Identifying immune escape mechanisms used by tumors may define strategies to sensitize them to immunotherapies to which they are otherwise resistant. In this study, we show that the antiapoptotic gene API5 acts as an immune escape gene in tumors by rendering them resistant to apoptosis triggered by tumor antigen-specificT cells. Its RNAi-mediated silencing in tumor cells expressing high levels of API5 restored antigen-specific immune sensitivity. Conversely, introducing API5 into API5low cells conferred immune resistance. Mechanistic investigations revealed that API5 mediated resistance by upregulating FGF2 signaling through a FGFR1/PKCd/ERK effector pathway that triggered degradation of the proapoptotic molecule BIM. Blockade of FGF2, PKCd, or ERK phenocopied the effect of API5 silencing in tumor cells expressing high levels of API5 to either murine or human antigen-specific T cells. Our results identify a novel mechanism of immune escape that can be inhibited to potentiate the efficacy of targeted active immunotherapies. Cancer Res; 74(13); 3556-66. © 2014 American Association for Cancer Research.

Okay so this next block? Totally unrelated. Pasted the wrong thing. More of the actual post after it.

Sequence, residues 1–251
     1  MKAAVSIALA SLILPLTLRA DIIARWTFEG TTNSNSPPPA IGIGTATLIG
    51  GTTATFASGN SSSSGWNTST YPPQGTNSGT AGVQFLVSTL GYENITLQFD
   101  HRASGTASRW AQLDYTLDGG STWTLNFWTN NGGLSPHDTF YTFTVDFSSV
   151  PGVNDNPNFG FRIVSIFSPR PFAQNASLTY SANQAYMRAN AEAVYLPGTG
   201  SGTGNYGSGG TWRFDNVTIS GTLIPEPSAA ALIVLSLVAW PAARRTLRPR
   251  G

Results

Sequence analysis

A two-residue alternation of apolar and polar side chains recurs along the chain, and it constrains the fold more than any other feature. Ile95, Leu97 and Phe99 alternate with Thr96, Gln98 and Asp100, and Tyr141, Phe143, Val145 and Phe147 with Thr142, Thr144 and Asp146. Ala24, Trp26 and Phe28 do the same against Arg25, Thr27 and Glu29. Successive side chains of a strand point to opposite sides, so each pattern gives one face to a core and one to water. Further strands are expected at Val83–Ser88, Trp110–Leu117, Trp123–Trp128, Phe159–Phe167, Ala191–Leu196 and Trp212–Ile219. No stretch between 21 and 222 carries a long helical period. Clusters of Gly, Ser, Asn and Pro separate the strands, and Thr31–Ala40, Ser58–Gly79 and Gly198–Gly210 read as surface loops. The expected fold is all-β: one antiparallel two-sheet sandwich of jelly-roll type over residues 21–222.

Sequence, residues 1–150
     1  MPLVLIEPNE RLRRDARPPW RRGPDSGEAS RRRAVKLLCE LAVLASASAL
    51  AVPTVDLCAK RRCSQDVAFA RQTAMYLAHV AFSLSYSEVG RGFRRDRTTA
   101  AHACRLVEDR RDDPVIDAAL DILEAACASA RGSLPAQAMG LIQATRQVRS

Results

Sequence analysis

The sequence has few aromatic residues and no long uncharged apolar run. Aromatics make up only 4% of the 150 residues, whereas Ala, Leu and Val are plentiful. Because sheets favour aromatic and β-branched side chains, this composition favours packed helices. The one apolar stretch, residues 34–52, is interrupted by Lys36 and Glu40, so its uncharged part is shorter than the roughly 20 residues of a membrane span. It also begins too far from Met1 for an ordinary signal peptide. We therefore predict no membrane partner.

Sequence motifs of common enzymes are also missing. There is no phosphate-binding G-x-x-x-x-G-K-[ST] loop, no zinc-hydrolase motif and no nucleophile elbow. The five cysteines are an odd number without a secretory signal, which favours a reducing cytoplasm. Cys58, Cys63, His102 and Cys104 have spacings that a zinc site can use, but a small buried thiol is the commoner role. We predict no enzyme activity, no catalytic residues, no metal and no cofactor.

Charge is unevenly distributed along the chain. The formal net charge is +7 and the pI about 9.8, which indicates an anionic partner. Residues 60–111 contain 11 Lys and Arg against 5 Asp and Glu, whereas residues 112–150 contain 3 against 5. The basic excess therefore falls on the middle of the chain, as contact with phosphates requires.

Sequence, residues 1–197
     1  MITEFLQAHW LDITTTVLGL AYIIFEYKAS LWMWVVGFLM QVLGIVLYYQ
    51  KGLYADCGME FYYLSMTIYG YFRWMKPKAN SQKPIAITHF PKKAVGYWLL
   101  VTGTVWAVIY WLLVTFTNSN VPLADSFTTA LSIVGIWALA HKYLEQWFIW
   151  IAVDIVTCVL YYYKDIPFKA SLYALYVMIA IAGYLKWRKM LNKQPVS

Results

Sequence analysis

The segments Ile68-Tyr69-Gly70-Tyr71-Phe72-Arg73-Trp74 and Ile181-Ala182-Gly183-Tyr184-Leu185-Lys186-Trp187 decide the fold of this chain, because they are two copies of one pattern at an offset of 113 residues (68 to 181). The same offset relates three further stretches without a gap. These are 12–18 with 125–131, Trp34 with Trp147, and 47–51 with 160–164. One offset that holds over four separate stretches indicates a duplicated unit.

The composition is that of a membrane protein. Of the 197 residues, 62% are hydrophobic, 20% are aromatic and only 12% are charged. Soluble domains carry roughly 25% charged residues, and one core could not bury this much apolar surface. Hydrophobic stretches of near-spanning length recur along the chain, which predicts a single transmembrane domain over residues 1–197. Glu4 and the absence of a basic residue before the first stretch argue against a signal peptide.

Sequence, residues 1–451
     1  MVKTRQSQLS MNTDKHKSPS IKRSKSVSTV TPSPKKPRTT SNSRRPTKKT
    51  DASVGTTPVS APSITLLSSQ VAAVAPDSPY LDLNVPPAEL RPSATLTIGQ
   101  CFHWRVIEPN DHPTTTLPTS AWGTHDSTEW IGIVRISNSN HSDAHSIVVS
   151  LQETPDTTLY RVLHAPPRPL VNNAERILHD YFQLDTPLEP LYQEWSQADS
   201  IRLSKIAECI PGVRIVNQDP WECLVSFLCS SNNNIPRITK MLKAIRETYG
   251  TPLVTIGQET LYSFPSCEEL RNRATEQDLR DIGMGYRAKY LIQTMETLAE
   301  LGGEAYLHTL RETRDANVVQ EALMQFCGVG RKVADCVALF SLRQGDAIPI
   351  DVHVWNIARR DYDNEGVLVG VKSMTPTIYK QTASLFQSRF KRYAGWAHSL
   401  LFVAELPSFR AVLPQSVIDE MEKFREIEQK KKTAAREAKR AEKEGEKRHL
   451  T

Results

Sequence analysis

Calin G.A.,Center for Interference and Non Coding | Calin G.A.,University of Texas M. D. Anderson Cancer Center | Coleman R.L.,Center for Interference and Non Coding | Coleman R.L.,University of Texas M. D. Anderson Cancer Center | And 4 more authors.
Nature Reviews Cancer | Year: 2011

Inherent difficulties with blocking many desirable targets using conventional approaches have prompted many to consider using RNA interference (RNAi) as a therapeutic approach. Although exploitation of RNAi has immense potential as a cancer therapeutic, many physiological obstacles stand in the way of successful and efficient delivery. This Review explores current challenges to the development of synthetic RNAi-based therapies and considers new approaches to circumvent biological barriers, to avoid intolerable side effects and to achieve controlled and sustained release. © 2011 Macmillan Publishers Limited. All rights reserved.

Wu S.Y.,University of Houston | Yang X.,AM Biotechnologies, LLC | Gharpure K.M.,University of Houston | Hatakeyama H.,University of Houston | And 43 more authors.
Nature Communications | Year: 2014